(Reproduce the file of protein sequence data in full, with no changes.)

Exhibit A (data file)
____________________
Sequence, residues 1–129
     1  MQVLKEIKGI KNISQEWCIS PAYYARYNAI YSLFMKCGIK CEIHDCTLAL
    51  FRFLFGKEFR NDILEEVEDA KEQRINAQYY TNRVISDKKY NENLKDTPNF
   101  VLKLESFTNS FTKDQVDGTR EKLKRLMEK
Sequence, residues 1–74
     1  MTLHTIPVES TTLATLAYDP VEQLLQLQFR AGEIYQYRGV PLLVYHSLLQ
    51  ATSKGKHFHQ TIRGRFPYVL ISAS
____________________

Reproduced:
Sequence, residues 1–129
     1  MQVLKEIKGI KNISQEWCIS PAYYARYNAI YSLFMKCGIK CEIHDCTLAL
    51  FRFLFGKEFR NDILEEVEDA KEQRINAQYY TNRVISDKKY NENLKDTPNF
   101  VLKLESFTNS FTKDQVDGTR EKLKRLMEK
Sequence, residues 1–74
     1  MTLHTIPVES TTLATLAYDP VEQLLQLQFR AGEIYQYRGV PLLVYHSLLQ
    51  ATSKGKHFHQ TIRGRFPYVL ISAS